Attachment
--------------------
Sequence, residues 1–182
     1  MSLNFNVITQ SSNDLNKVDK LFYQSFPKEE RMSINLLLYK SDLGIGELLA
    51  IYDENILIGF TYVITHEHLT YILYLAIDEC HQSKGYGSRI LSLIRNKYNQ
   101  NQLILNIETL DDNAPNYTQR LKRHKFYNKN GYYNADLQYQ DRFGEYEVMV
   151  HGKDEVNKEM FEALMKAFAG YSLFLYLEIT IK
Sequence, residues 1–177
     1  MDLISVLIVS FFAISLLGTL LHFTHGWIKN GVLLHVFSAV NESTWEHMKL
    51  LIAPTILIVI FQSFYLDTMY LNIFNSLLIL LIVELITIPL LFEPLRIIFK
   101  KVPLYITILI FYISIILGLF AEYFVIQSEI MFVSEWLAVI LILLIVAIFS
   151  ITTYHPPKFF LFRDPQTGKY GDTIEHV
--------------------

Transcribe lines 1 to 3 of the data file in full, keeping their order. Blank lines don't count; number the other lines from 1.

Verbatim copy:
Sequence, residues 1–182
     1  MSLNFNVITQ SSNDLNKVDK LFYQSFPKEE RMSINLLLYK SDLGIGELLA
    51  IYDENILIGF TYVITHEHLT YILYLAIDEC HQSKGYGSRI LSLIRNKYNQ